It was about 6 years ago in the beginning of our Eucharistic Ministry to the nursing homes, that my husband and I first met Grace. My husband, having left Harvard when our economy took a major downturn was initially unsure of this assignment but more than ready to feel of use again. While he was certain that he could impart a bit of company and joy to those he visited in fulfilling this ministry, he was not prepared for what he would receive in return. His week spent researching the classifieds and applying for new jobs, would prove relentless with the exception of Sunday. Always faithful, but at times lukewarm in intensity, Sunday was the day he reserved for God. Little did he know that God had so much more in store for him, by this simple step forward in faith.

While wanting to go with him in these first few visits, I prayerfully held back, feeling God was preparing John for something special. So, with pyx in hand and a head full of concerns I watched as John hurriedly left the house, unquestionably working on the following day’s to-do list. However, no matter how he left the house, one could not help but notice that he never returned the same. In its place, peace and joy had consumed his countenance and he practically overflowed with a renewed strength. For, during this otherwise incredibly stressful time, God had opened a window.

After a bit of time, of observing all of this, the day came when with hopeful expectation he suddenly  asked,  “Would you like to go with me today? There is someone I would like you to meet.”   This was the moment I had patiently waited for.  “Of course, lead the way!”.  Though he carried a handwritten list of names and rooms, with notes beside each, it would be completely unnecessary. He knew each one, and wasted no time in introducing me as we entered with a rap at the door.

As we neared the last room he paused, grabbed my hand and a huge smile overtook his face. This was the one he so eagerly had wanted to share, the one that had inspired the transformation that I witnessed.

“Hi Grace!”, it’s John from St. Peter’s, “I brought my lovely wife Elizabeth with me today..”
“It is really SO good to see you, thank you for coming and making time for me..I cannot tell you what this means”, she exclaimed.
Then chatting for a few min about our families, health and week, John asked Grace, would you like to receive communion?”
“Oh, Yes! I REALLY need that!” , with hands clasped and eyes closing immediately in prayer.
“We all do Grace, we all do..” he answered without hesitation.

Have you ever considered Eucharistic ministry? Be prepared, the life transformed by Christ today, might be your own!

Worth Revisiting: Invited into Community

It’s Worth Revisiting Wednesday! A place where you can come and bring a past & treasured post to share, and link-up with fellow bloggers! Co-Hosted with Allison Gingras at Reconciled To You.

Have an hour to spare and share on a Saturday/Sunday afternoon or weekday morning after mass?  I cannot think of a better way to spend such a short amount of time than bringing communion to others. These ineffable moments of grace are truly invitations to not only bring the body of Christ, but to recognize the fullness of being the body of Christ.  What if for reasons of health, age or circumstance, you could no longer receive communion? Hear a knock? Open your heart today..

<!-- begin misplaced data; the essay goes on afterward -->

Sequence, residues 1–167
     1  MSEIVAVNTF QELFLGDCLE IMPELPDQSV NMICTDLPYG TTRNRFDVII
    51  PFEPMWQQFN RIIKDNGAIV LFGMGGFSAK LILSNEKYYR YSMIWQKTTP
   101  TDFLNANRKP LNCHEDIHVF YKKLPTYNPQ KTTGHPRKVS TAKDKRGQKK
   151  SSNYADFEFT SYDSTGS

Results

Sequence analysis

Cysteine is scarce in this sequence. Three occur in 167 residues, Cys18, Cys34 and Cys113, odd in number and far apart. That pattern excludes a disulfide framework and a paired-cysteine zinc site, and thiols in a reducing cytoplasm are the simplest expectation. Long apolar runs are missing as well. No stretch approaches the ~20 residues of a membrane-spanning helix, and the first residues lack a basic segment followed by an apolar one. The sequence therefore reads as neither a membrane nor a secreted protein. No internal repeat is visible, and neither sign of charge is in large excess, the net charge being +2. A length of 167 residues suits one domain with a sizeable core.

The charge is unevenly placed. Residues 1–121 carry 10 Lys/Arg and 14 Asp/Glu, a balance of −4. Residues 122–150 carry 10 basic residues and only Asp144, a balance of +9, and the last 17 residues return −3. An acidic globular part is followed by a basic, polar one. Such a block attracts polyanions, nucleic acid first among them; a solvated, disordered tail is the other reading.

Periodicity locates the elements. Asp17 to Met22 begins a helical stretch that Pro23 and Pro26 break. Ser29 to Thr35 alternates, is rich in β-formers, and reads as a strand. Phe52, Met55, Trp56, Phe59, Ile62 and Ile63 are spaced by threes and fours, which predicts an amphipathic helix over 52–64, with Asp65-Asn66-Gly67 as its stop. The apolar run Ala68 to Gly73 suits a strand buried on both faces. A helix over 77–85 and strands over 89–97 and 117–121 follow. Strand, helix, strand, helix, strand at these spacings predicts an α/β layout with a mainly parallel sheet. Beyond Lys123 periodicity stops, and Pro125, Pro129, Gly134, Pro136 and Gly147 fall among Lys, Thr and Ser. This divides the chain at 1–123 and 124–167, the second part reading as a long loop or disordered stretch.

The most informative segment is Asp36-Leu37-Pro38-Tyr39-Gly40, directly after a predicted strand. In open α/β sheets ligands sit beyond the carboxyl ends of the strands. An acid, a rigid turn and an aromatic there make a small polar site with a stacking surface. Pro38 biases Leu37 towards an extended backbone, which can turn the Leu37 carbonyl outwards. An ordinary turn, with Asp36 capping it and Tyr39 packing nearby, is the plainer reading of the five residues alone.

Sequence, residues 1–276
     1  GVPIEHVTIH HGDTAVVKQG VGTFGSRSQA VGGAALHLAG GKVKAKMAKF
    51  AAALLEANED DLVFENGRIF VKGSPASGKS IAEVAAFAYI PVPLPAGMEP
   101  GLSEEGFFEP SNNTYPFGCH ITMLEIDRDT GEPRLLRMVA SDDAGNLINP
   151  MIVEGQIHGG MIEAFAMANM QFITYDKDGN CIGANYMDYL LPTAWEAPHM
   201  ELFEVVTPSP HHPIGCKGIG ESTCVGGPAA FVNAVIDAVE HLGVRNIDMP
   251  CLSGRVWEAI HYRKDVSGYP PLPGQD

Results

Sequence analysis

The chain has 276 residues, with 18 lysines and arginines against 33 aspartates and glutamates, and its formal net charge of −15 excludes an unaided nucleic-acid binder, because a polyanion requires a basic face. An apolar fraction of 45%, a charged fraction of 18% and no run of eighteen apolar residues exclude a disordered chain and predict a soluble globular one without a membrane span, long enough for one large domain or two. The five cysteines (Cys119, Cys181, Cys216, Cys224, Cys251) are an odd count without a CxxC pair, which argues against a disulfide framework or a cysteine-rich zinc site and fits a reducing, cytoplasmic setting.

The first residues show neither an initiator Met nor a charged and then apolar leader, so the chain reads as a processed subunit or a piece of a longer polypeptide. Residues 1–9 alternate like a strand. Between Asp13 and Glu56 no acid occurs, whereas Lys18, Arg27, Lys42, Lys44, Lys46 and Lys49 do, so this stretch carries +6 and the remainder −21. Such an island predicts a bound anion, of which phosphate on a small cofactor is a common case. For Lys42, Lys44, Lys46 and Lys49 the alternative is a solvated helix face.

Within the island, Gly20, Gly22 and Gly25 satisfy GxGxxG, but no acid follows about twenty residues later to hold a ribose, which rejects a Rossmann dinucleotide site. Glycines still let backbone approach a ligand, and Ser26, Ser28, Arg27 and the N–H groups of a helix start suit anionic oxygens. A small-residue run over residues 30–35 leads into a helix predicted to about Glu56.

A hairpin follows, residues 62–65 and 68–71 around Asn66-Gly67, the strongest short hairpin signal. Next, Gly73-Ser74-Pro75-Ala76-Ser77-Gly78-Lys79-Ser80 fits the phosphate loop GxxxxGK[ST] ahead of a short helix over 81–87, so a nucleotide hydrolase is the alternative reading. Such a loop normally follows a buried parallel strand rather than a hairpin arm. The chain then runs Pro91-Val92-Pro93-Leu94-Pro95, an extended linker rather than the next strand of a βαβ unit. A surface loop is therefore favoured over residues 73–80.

Invited into Community: The Joy of Eucharistic Ministry

eucharist-2“The Eucharist is not something we do simply to commemorate what Jesus did for us. Rather it is something that Christ does for us, filling us with grace and nourishing us with His own life. Let us live the Eucharist, in a spirit of joy and concern for all our brothers and sisters in need”. Pope Francis

This morning, I was thinking (a dangerous pastime, I know) about how incredibly busy, but restful and fulfilling my Sunday had been. While it seems odd perhaps to hold these adjectives together I believe that they highlight what it really means, to me, to “work six and rest one” in keeping the Sabbath holy. As so often the case, in anticipation of Sunday, there was an extra spring in my step as I reflected and then prepared for the day ahead. You see, my joy is not solely in going to mass with my immediate family, but is found in joining my larger family in Christ, in sharing communion together. Here, I am graced with brothers and sisters from varied backgrounds, of all ages, and nationalities each praying to the same Father. Each resting the work of their own hands, to bring all that they are- to be blessed and broken and enjoined as one in the beautiful sacrifice of Christ.

As a Eucharistic minister, I witness this so profoundly as each person steps forward to receive Christ. Some hands are soft, others rugged and worn, nonetheless within their eyes, I see God…and what a beautiful sight that is to behold!  At times I sense their sadness, others times their joy and still others their deep appreciation for this moment to pause to recognize Christ present with us. Each carrying the deep imprint of God on their souls, and each with the invitation to make Christ visible today.